Tibial tubercle osteotomy is a surgical procedure that is performed along with other procedures to treat patellar instability, patellofemoral pain, and osteoarthritis. The tibial tubercle transfer technique involves realignment of the tibial tubercle (a bump in the front of the shinbone) such that the kneecap (patella) traverses in the center of the femoral groove.
Patellar Tendon Repair
Distal Realignment Procedures
Distal realignment procedures, also known as tibial tubercle transfer (TTT) procedures, are performed to reposition the kneecap after subluxation or dislocation by realigning the tendon under the kneecap to the underlying tibial tubercle.
Knee implants are artificial devices that form the essential parts of the knee during a knee replacement surgery. The knee implants vary by size, shape, and material. Implants are made of biocompatible materials that are accepted by the body without producing any rejection response.
Knee Trauma Reconstruction
Knee trauma reconstruction is a surgical procedure to repair a soft-tissue injury of the knee such as a torn ligament using a tissue graft or replacing the damaged bony surfaces of the knee joint with an artificial knee joint called a prosthesis. Artificial knee joints are usually made of metal, ceramic or plastic, and consist of the femoral and the tibial components.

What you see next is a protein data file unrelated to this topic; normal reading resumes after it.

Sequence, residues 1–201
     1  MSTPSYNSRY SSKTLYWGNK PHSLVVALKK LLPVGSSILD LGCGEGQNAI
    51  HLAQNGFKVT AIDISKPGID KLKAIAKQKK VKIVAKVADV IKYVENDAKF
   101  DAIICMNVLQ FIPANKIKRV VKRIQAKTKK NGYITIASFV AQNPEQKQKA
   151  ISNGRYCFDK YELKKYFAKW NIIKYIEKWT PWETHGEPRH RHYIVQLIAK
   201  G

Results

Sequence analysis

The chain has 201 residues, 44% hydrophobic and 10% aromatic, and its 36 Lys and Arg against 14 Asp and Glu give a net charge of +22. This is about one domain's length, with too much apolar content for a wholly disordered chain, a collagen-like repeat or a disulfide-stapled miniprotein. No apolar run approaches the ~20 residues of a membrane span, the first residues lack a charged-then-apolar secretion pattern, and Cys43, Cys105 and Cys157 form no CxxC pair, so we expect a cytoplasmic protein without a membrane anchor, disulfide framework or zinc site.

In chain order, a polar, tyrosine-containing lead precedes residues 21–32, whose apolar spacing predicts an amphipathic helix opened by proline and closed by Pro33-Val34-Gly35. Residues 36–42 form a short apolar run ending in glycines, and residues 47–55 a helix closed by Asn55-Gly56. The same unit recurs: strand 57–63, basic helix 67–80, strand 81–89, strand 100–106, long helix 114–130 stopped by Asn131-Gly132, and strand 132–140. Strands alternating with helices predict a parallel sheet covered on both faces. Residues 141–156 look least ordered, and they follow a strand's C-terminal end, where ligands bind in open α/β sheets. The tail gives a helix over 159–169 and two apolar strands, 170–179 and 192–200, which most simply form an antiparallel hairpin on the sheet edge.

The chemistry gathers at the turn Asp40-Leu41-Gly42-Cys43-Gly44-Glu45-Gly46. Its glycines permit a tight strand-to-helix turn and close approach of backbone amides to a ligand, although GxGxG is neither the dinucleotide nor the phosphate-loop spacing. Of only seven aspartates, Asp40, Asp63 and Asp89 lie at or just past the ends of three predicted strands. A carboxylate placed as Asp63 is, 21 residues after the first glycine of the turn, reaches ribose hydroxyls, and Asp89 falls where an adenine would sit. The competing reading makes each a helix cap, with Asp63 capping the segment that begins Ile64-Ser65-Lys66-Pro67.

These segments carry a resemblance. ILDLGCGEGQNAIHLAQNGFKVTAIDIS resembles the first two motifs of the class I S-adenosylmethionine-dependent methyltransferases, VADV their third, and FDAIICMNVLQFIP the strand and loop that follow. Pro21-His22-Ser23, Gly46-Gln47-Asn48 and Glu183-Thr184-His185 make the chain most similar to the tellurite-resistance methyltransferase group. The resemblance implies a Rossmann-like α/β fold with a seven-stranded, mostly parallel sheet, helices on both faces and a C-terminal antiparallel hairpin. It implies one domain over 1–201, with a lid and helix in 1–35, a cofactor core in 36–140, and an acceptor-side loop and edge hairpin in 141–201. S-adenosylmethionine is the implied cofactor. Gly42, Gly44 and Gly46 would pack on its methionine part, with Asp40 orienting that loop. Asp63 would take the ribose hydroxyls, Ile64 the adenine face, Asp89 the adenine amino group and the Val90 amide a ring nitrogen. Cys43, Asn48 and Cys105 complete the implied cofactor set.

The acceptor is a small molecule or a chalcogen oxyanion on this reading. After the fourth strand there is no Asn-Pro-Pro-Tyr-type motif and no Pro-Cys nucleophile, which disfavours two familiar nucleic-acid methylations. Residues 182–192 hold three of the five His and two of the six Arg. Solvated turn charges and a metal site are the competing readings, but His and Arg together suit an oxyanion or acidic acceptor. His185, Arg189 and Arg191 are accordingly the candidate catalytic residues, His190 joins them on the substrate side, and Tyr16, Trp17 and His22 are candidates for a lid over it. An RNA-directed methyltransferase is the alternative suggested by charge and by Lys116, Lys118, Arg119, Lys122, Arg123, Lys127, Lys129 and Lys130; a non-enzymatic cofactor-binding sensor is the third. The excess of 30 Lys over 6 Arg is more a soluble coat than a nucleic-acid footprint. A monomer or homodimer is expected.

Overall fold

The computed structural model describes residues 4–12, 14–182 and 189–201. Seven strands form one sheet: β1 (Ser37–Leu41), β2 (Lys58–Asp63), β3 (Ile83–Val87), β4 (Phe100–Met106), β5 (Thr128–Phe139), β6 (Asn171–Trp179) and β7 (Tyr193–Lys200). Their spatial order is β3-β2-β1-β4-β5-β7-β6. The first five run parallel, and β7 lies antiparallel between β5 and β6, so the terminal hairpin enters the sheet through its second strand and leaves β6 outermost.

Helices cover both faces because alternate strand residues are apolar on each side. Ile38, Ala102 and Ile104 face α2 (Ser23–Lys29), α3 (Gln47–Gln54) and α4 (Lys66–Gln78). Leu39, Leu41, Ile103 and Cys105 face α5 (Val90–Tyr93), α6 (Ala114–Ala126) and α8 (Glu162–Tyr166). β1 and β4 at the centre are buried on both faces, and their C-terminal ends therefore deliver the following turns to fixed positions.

Am I a Candidate for Knee Surgery?
Arthritis of the knee can cause pain and stiffness, making regular activities such as walking and bending difficult. As arthritis progresses, conservative treatments tend to lose their efficacy and more definitive treatment should be considered. Knee replacement surgery involves replacing worn or damaged joints with implants to reduce pain and improve movement.
Nonsurgical Knee Treatments
The non-operative orthopedic treatment options include non-pharmacological and pharmacological interventions. They are aimed at providing symptomatic relief and improving the quality of life of the patients. They can be used as a treatment option to treat certain conditions or to decrease pain as well as promoting functioning and quality of life after the surgical treatment.
Pre-op and Post-op Knee Guidelines